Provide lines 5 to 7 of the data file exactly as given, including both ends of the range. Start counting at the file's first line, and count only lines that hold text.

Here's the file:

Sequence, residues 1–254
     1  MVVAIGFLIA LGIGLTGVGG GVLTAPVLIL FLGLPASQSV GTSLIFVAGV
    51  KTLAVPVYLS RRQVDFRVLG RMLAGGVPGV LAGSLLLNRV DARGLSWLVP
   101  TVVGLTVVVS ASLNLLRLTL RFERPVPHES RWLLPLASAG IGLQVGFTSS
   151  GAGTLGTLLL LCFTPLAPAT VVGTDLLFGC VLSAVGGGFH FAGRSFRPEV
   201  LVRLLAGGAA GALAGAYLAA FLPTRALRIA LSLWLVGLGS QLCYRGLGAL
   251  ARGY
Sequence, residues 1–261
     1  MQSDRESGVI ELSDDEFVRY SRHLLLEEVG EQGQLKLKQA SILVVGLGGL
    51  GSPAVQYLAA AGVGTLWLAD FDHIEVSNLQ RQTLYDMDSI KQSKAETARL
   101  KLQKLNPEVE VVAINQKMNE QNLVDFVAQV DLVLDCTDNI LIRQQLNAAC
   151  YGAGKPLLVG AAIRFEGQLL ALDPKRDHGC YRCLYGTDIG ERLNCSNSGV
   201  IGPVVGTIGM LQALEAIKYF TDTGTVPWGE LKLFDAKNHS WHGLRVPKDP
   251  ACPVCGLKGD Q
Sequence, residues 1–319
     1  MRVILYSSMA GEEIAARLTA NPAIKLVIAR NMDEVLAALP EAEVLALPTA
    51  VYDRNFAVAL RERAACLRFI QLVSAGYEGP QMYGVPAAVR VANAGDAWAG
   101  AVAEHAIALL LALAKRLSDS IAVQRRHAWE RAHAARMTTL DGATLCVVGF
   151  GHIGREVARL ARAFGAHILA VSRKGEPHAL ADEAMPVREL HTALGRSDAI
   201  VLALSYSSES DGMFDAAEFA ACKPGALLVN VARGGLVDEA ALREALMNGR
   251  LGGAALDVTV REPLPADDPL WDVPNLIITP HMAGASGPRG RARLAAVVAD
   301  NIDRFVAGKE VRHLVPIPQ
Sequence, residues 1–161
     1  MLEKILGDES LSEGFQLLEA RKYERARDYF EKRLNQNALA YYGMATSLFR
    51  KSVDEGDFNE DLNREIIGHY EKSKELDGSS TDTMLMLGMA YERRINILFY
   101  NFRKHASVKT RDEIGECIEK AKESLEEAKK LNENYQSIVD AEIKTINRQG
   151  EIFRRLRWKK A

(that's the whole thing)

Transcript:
   151  GAGTLGTLLL LCFTPLAPAT VVGTDLLFGC VLSAVGGGFH FAGRSFRPEV
   201  LVRLLAGGAA GALAGAYLAA FLPTRALRIA LSLWLVGLGS QLCYRGLGAL
   251  ARGY